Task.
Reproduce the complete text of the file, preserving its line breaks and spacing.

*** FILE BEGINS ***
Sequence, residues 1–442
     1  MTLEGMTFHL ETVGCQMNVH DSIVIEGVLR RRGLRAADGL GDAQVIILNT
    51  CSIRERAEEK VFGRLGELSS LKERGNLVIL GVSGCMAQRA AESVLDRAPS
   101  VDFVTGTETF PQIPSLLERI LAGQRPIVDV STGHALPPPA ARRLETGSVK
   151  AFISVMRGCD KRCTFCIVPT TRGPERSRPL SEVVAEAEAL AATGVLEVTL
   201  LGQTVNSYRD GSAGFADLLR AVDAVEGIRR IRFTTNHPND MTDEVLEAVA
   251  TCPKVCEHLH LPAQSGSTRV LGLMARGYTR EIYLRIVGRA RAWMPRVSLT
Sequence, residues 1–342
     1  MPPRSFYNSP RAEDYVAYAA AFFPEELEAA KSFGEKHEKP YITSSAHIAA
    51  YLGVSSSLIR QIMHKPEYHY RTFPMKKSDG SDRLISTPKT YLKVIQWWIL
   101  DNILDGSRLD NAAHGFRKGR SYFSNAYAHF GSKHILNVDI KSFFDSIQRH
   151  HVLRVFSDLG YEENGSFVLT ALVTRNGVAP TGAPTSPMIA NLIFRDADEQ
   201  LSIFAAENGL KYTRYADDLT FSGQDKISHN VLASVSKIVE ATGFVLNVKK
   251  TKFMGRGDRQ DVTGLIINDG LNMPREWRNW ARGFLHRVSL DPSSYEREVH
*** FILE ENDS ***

Sequence, residues 1–442
     1  MTLEGMTFHL ETVGCQMNVH DSIVIEGVLR RRGLRAADGL GDAQVIILNT
    51  CSIRERAEEK VFGRLGELSS LKERGNLVIL GVSGCMAQRA AESVLDRAPS
   101  VDFVTGTETF PQIPSLLERI LAGQRPIVDV STGHALPPPA ARRLETGSVK
   151  AFISVMRGCD KRCTFCIVPT TRGPERSRPL SEVVAEAEAL AATGVLEVTL
   201  LGQTVNSYRD GSAGFADLLR AVDAVEGIRR IRFTTNHPND MTDEVLEAVA
   251  TCPKVCEHLH LPAQSGSTRV LGLMARGYTR EIYLRIVGRA RAWMPRVSLT
Sequence, residues 1–342
     1  MPPRSFYNSP RAEDYVAYAA AFFPEELEAA KSFGEKHEKP YITSSAHIAA
    51  YLGVSSSLIR QIMHKPEYHY RTFPMKKSDG SDRLISTPKT YLKVIQWWIL
   101  DNILDGSRLD NAAHGFRKGR SYFSNAYAHF GSKHILNVDI KSFFDSIQRH
   151  HVLRVFSDLG YEENGSFVLT ALVTRNGVAP TGAPTSPMIA NLIFRDADEQ
   201  LSIFAAENGL KYTRYADDLT FSGQDKISHN VLASVSKIVE ATGFVLNVKK
   251  TKFMGRGDRQ DVTGLIINDG LNMPREWRNW ARGFLHRVSL DPSSYEREVH